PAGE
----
By introducing hygiene practices like hand washing after using the latrine, separating water used for humans and livestock and encouraging immunisation, hospital and community-based midwives and community health promoters trained by World Vision are also striving to reduce the terrible odds of child survival.
An estimated 315,826 children will die before their fifth birthday in 2011 with 120,000 (38%) not surviving their first four weeks. These deaths are caused by preventable pregnancy-related complications, preventable illness in children, including diarrhea and pneumonia, neonatal complications and malnutrition, which together account for more than 60% of child deaths.
Juma, aged 19, is a midwife trainee who works in Chagcharan in Ghor province in one of the poorest, most isolated parts of the country. “I am seeing the numbers of malnourished children decrease. In the past mothers lacked awareness of malnutrition and the reasons for malnutrition,” she says, explaining the impact midwives are having in the community.
But the hospital and community-trained midwives in Herat and community midwives in Ghor province are just one important link in a developing health chain that is quickly gaining the support of community leaders.
In Ghor province, where many communities are cut off from health facilities during the winter months, World Vision is training couples selected with their community Shura (elders) to develop and train mother and father groups in health promotion and set up a community growth monitoring programme where the mother and father leaders of the groups are taught to check the growth of children and refer those at risk for further assessment to midwives or health facilities.
Meanwhile in Herat, health projects are also gaining the favour of community leaders. “You (World Vision) are saving our lives . . . we wanted to tell you how much the Child Survival Project has helped us keep mothers and children from dying and keep them healthy. This is so important to us that we will continue to do our volunteer work as long as we live.”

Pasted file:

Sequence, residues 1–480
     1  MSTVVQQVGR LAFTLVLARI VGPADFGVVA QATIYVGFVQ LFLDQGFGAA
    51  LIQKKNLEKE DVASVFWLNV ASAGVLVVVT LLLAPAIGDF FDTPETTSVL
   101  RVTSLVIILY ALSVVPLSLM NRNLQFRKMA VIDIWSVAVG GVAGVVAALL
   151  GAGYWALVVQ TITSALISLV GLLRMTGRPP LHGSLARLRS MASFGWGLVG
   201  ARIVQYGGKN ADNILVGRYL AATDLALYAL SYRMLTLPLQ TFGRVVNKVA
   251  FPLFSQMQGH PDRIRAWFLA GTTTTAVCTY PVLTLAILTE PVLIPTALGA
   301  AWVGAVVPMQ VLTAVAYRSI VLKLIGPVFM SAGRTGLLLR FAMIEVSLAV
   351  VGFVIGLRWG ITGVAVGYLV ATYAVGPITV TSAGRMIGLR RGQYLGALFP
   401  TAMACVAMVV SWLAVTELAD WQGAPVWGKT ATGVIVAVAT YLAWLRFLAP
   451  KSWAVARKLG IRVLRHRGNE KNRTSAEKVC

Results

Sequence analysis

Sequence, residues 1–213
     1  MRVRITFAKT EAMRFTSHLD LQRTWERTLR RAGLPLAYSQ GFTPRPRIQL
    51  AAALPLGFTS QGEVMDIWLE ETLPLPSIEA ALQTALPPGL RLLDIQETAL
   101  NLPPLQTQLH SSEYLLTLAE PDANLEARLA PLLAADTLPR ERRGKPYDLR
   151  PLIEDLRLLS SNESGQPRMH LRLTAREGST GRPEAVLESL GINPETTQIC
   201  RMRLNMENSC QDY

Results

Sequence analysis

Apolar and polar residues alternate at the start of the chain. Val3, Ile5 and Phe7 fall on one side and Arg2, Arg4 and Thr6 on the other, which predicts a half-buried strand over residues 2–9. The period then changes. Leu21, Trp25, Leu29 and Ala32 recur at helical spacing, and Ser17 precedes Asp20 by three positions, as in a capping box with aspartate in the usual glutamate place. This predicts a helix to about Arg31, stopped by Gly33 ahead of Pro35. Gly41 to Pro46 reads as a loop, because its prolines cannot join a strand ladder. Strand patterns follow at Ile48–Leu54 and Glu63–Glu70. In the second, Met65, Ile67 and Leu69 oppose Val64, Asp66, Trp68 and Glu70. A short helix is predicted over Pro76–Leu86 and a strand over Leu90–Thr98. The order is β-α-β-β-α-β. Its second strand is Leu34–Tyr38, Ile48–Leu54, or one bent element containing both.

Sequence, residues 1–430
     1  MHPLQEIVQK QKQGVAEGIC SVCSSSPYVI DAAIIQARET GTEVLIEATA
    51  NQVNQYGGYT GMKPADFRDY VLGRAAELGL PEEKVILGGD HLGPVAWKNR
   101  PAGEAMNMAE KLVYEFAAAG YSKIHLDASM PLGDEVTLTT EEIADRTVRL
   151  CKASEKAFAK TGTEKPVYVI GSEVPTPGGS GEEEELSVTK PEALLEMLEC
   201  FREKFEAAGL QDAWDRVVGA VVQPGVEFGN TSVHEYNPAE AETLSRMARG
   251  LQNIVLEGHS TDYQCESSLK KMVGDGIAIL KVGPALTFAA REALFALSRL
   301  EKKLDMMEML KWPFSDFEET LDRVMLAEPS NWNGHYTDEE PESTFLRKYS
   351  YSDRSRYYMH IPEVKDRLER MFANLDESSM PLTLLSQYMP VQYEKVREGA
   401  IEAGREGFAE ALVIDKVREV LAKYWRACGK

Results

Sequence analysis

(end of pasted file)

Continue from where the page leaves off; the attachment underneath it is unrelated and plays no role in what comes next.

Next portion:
Over the past year with the help of a local aid agency, nearly 300 people have been trained in basic health, monitoring the nutrition of more than 20,000 mothers and children each month. More than 90,000 mothers and fathers currently attend these health groups across five districts.
Initiatives like these demonstrate that change is possible. But while the government is establishing more health centres and there are more doctors and midwives than a decade ago, so much more needs to be done.
In Ghor province alone, there are just seven professional and trainee midwives per 100,000 women. Existing programmes must be scaled up if Afghanistan is to halve the maternal mortality rate by 2015, as set out in Millennium Development Goal number five.
World Vision, together with local and international partners, is committed to improving mother and child health in Afghanistan so that children not only survive the first five years of life, but also enjoy good health.
In Ghor province, World Vision is running a large scale project over 5 districts aiming to improve health and nutrition in mothers and children under 5 years, integrated with a food distribution programme, improving household food security and a livelihoods component that aims to improve farming methods to enable people to improve their food production and income.
 All estimates are calculated using data sourced from CIA September 2011 and UNICEF’s Best Estimate Provincial Fact Sheet 2009 (includes UNFPA/UNSD)
 according to UNDP progress on Afghanistan’s Millennium Development Goals
 According to doc: World Vision Afghanistan BHAMC Child Survival Project Midterm Evaluation Report. DRAFT December 15, 2010. Annex 1: Positive Experience in Child Survival Project Motivates Community Volunteers to Commit to Long Term Service